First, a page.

Relying heavily on interviews with intelligence and diplomatic personnel, individuals and activists dedicated to tracking Bout’s activities, Bout’s personal acquaintances and business associates, and Bout himself, Merchant of Death reads like a thriller with Bout as the enigmatic villain.  Aided by personal accounts, the authors bring to life each character playing a role in Bout’s story, detailing everything from the physical appearances of the dedicated individuals obsessed with bringing Bout to justice, to the habits enjoyed by the brutal warlords with whom Bout shared intimate relationships and traded weapons for gems or cash.  While always maintaining investigative integrity, the authors provide readers with an exciting narrative that lives up to the promise of a title like Merchant of Death by tackling a violent and amoral story while refusing to shy away from making ethical judgments. Farah and Braun’s engaging descriptive method serves to broaden the readership by reaching an audience that may not typically read a 300-page book on post-cold war shifting global paradigms, the danger of transnational threats, or the devastating implications of an unregulated arms trade.

However, while Merchant of Death effectively mainstreams the important and underemphasized issue of the arms trade, the narrow focus of the narrative may cause some readers to understand the book as a biography rather than an effort to personify the larger issue of globalized arms trafficking as a transnational threat.  Due to the authors’ almost exclusive focus on international and U.S. policies targeting Bout specifically, the authors lose an opportunity to explicitly extend their argument regarding the effects of post-Cold War conditions and ideologies to the arms trade as a whole.  The authors might more effectively advance their argument by widening the scope of their narrative to include a brief evaluation of how the conditions that shaped Bout’s success influenced the global arms trade in general.  By clearly applying their conclusions about the effects of the post-Cold War order on the rise of transnational threats and international policy to the arms trade as a whole, the authors can broaden their argument and enhance the readers’ understanding of the complex issue of arms trade.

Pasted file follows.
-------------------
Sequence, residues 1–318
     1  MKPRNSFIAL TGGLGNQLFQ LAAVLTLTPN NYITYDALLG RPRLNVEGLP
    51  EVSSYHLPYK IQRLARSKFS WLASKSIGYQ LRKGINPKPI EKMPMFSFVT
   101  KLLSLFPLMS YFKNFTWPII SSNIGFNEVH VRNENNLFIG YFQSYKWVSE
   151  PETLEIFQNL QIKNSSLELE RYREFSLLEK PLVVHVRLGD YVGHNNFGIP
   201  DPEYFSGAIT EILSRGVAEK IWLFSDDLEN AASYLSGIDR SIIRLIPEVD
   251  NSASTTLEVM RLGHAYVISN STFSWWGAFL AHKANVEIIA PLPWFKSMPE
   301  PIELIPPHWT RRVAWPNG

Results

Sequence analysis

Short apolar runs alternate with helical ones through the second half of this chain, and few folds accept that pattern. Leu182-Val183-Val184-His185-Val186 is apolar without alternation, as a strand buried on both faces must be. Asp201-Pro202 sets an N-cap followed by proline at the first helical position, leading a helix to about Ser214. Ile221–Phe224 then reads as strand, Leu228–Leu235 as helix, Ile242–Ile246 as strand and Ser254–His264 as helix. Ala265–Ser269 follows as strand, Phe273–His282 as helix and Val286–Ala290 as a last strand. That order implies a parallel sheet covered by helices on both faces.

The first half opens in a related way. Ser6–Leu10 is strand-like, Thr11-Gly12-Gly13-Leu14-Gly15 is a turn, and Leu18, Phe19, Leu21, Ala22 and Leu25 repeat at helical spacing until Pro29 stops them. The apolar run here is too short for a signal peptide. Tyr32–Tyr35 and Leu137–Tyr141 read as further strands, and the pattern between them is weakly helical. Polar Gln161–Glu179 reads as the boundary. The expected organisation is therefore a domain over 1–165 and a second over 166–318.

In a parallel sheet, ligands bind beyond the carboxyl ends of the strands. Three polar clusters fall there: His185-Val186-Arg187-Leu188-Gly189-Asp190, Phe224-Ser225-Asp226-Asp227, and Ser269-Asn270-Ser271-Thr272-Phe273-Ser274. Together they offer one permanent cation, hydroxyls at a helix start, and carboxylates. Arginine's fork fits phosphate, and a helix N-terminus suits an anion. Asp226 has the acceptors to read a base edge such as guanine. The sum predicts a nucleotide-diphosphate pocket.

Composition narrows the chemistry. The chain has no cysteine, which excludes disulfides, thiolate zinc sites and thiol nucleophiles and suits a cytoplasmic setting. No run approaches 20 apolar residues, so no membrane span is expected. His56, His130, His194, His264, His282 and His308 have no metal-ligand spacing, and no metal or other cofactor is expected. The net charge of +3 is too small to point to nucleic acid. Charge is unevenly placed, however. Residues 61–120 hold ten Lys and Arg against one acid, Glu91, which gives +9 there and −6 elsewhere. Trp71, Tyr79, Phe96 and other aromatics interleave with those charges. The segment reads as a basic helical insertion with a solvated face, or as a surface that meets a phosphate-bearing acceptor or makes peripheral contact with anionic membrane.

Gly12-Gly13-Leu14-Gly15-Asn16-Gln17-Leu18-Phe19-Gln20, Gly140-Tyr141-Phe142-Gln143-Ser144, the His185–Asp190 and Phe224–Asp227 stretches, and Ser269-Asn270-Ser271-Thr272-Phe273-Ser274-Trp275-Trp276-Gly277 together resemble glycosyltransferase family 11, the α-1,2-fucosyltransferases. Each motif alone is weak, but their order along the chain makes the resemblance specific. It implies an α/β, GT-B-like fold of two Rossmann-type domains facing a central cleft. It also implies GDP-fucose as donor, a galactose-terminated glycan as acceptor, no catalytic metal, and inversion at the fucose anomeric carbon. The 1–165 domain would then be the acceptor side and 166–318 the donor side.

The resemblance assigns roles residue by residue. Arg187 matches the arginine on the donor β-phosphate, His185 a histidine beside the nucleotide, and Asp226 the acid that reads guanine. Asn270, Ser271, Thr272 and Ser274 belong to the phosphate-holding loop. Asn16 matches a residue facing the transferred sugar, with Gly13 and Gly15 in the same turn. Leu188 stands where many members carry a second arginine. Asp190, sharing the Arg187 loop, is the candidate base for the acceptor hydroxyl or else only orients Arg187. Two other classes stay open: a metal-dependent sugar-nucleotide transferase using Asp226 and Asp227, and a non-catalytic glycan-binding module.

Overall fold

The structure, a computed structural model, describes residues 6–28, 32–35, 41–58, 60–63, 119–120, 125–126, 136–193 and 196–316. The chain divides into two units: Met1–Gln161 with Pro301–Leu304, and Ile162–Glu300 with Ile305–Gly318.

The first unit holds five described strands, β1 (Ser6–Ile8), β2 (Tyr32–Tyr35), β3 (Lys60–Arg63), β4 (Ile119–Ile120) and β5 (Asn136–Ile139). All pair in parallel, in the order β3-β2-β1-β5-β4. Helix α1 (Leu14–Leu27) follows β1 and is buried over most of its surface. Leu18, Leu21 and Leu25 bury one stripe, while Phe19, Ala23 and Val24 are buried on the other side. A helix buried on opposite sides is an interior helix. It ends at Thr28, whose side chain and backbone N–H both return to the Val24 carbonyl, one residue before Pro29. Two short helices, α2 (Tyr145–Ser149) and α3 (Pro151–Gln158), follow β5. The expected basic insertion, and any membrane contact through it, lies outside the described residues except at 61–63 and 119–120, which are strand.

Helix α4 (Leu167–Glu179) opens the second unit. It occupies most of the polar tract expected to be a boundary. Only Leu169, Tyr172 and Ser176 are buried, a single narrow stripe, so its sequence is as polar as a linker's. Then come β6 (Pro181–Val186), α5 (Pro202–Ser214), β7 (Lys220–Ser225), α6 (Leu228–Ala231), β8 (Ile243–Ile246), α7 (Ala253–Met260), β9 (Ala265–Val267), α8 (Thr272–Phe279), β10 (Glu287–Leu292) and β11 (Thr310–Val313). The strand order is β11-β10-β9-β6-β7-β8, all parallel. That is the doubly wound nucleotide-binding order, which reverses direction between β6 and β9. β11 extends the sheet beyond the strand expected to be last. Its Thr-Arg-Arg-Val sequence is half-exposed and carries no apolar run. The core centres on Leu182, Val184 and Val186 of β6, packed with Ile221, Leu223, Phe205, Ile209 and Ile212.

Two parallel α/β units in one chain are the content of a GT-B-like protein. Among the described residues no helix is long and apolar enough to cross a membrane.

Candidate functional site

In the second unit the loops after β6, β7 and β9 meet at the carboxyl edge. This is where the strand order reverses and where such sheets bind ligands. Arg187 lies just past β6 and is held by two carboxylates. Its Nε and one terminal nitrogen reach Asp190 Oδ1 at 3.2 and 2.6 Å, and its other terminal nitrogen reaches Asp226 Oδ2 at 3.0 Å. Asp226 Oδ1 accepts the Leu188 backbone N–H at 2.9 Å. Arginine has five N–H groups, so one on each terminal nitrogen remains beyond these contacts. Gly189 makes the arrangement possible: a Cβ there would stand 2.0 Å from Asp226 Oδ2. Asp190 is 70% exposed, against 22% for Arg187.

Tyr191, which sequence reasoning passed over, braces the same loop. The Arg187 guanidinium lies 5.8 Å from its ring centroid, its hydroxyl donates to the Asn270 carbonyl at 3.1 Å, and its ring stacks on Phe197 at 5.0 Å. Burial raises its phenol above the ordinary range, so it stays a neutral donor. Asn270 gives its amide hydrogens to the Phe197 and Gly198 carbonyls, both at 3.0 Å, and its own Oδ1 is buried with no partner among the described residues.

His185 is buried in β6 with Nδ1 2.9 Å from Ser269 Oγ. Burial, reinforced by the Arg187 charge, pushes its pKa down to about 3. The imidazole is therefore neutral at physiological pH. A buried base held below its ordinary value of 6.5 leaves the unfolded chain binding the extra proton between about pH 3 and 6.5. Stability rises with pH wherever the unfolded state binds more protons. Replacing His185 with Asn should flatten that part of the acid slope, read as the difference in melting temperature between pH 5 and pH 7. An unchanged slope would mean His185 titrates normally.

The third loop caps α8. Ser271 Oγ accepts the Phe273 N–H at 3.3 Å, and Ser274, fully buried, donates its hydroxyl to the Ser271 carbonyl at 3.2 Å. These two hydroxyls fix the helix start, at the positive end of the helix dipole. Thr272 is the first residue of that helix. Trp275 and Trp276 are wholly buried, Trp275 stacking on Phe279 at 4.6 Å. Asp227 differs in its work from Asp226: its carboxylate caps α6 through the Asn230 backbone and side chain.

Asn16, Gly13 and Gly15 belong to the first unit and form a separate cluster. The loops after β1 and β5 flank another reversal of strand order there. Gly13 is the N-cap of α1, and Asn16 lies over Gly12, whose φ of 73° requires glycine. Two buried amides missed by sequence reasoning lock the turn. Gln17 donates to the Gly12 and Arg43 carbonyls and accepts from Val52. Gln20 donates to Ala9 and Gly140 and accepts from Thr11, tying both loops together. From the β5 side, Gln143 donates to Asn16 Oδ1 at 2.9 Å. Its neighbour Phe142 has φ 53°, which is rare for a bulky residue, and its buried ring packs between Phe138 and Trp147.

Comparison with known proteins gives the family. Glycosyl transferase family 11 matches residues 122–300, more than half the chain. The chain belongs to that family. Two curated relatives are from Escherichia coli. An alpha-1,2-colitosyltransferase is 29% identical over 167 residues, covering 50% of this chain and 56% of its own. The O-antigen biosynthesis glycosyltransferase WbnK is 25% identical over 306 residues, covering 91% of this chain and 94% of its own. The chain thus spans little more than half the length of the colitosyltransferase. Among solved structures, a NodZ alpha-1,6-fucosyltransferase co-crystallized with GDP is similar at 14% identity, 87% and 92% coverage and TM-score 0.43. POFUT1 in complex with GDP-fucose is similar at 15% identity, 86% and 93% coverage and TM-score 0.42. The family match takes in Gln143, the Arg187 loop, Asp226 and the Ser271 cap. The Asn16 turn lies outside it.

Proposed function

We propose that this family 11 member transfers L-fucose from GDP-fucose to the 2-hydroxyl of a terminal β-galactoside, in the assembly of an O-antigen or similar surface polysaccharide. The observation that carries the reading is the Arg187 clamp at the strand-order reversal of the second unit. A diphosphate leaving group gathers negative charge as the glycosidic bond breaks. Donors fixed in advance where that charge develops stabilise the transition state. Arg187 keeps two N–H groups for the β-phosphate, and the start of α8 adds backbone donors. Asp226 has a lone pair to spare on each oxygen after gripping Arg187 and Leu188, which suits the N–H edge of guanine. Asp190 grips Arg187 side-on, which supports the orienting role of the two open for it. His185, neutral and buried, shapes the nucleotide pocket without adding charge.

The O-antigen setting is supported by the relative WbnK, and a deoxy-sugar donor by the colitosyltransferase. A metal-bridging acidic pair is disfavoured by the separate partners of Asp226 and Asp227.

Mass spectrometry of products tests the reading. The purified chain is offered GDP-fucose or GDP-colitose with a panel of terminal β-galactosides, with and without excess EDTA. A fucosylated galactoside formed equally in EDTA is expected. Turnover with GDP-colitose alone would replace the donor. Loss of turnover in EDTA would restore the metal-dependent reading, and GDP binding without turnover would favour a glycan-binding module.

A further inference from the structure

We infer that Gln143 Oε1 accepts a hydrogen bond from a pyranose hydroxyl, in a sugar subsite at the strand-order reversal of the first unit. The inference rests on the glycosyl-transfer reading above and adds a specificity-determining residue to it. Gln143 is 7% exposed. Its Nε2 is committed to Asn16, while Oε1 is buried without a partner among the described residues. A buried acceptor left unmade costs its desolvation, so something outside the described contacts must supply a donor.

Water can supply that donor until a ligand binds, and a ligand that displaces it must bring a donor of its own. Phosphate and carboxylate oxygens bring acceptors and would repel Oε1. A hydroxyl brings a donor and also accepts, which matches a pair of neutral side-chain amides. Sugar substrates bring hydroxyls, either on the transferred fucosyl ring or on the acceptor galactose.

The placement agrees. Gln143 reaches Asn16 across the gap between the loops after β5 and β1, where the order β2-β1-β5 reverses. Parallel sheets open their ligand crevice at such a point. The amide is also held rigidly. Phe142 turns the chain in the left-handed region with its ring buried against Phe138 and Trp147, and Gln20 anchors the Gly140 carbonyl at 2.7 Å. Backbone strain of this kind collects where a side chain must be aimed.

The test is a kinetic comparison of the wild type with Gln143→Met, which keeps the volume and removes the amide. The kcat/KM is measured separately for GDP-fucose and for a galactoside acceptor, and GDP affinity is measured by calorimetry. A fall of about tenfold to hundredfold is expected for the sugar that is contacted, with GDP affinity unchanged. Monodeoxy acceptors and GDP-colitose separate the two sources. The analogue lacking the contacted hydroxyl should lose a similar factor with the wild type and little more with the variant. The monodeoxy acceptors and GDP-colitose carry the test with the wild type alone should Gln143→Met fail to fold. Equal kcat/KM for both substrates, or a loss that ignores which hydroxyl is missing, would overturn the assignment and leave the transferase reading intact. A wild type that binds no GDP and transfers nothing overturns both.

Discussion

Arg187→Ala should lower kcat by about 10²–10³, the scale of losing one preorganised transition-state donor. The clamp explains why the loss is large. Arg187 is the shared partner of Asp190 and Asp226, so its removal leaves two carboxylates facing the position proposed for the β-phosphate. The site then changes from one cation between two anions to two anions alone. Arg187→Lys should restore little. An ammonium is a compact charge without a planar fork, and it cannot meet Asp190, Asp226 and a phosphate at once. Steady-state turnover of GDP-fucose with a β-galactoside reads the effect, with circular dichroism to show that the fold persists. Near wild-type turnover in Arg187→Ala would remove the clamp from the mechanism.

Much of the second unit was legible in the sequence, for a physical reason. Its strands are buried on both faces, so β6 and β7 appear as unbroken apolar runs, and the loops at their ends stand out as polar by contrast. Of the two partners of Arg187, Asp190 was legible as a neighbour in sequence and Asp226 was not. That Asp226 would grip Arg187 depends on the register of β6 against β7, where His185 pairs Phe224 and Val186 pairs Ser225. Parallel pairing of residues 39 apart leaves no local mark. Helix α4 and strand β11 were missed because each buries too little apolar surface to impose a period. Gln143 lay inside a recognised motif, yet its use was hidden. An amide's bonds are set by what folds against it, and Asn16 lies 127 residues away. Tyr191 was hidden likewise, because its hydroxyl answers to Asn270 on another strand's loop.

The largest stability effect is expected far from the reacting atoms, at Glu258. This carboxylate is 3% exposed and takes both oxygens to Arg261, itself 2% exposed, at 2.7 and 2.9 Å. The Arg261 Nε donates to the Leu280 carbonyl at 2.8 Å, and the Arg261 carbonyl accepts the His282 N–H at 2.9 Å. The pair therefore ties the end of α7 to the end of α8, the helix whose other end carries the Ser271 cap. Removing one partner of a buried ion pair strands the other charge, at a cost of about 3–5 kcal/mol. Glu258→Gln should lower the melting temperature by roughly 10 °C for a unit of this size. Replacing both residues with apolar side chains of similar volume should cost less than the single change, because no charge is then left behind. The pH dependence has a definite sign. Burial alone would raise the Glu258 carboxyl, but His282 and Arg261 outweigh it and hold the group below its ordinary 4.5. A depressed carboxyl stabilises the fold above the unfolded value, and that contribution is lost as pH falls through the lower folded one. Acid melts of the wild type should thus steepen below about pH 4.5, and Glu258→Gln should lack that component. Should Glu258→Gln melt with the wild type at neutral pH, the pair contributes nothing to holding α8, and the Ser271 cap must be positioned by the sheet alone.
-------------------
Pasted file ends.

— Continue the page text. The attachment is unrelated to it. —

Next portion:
In conclusion, while Farah and Braun may have benefited from extending their designation of Viktor Bout as a  “post-Cold War phenomenon, operating with clandestine ties to numerous governments but beholden to none” to the arms trade as a whole, the authors of the Merchant of Death nonetheless provide readers with an intriguing insight into the life and career of the world’s most successful arms broker.  Weaving together information from a wealth of sources, Farah and Braun show us a post-Cold War world in which a variety of Soviet weapons and aircrafts are available for the taking, resource-wealthy armed groups fight in conflicts that ravage Africa and the Middle East, and men like Viktor Bout, “The Merchant of Death,” are able to capitalize on human suffering with minimal consequences.  With The Merchant of Death: Money, Guns, Planes and the Man Who Makes War Possible, Farah and Braun provide a diverse audience with an unique introduction to the complex and often overlooked transnational threat of the globalized arms trade.

Kelly Grant
International Affairs ’14

Merchant of Death: Money, Guns, Planes and the Man Who Makes War Possible
(Farah, Douglas, and Braun, Stephen. John Wiley and Sons Inc, Hoboken, NJ, 2007, 308 pages)